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Author: connielj One star, 50 posts Add to my Favorite Fools Ignore this person (you won't see their posts anymore) Number: of 76420  
Subject: Foolish Four and IRAs Date: 3/15/2000 7:36 PM
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I just read the information on using the Foolish Four strategy in an IRA -

http://www.fool.com/money/allaboutiras/allaboutiras13.htm

Since there is a penalty for early withdrawals (aside from your original contribution) from a ROTH IRA, I am confused about the recommendation to:

"...buy the four stocks and hold them for a year. Then, a year and a day later, you check the guidelines to see if they are still underpriced. Those that are, you continue to hold; those that are not, you sell and use the proceeds to buy the new stocks that the approach identifies... Outside of an IRA, selling that frequently could cost you big bucks in capital gains taxes, but inside the IRA, your gains are free to compound year after year. The results can be startlingly impressive."

My question is: When you sell the stock, is that not considered a "withdrawal"? I assume that it is not, or this strategy would not be recommended. For it to be an acceptable practice, is it necessary to sell and immediately replace the sold stock with another?
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Author: AlyKat Three stars, 500 posts Old School Fool Add to my Favorite Fools Ignore this person (you won't see their posts anymore) Number: 20123 of 76420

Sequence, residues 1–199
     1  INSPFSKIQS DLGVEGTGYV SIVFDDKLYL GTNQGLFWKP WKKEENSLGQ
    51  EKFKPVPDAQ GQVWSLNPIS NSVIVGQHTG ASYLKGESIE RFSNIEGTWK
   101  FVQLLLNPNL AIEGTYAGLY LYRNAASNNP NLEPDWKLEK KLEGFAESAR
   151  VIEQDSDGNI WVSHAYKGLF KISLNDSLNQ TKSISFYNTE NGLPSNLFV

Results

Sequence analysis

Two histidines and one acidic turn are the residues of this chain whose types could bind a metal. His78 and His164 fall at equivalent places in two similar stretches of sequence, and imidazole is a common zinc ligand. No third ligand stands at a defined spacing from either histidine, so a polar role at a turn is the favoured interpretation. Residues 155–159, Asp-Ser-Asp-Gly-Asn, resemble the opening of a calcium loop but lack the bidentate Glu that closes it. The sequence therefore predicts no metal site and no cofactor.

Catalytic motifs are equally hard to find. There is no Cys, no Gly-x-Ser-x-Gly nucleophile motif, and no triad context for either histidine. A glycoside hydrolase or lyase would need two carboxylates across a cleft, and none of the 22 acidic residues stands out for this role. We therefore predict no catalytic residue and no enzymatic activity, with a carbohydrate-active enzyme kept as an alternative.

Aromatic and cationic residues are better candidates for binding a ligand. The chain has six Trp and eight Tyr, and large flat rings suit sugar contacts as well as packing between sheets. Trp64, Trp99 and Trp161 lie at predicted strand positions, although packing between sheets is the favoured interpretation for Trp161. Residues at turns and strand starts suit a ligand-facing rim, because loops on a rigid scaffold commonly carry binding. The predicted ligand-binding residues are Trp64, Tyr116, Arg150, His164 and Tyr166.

Subject: Re: Foolish Four and IRAs Date: 3/15/2000 7:55 PM
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My question is: When you sell the stock, is that not considered a "withdrawal"? I assume that it is not, or this strategy would not be recommended. For it to be an acceptable practice, is it necessary to sell and immediately replace the sold stock with another?

You are correct in assuming that when you sell a stock that is in an IRA it is not considered a withdrawal. You could buy another stock with the money resulting from the sale or you could keep it as cash (I wouldn't recommend keeping it as cash, though). It is only considered a "withdrawal" if you take possession of the money (there are certain exceptions to this too). You can have many different types of investments in an IRA and you can switch between investments without penalty as long as you keep it in an IRA. An IRA is just a "basket" that holds investments. You can put many different types of investments (cash, stocks, bonds, mutual funds, CD's, etc) in that basket. I hope this was helpful.

ak

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Author: connielj One star, 50 posts Add to my Favorite Fools Ignore this person (you won't see their posts anymore) Number: 20141 of 76420
Subject: Re: Foolish Four and IRAs Date: 3/16/2000 11:59 AM
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AlyKat,

Thank you very much for the information!

- Connie

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Author: AlyKat Three stars, 500 posts Old School Fool Add to my Favorite Fools Ignore this person (you won't see their posts anymore) Number: 20161 of 76420
Subject: Re: Foolish Four and IRAs Date: 3/16/2000 10:12 PM
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AlyKat,

Thank you very much for the information!


You're very welcome!

ak



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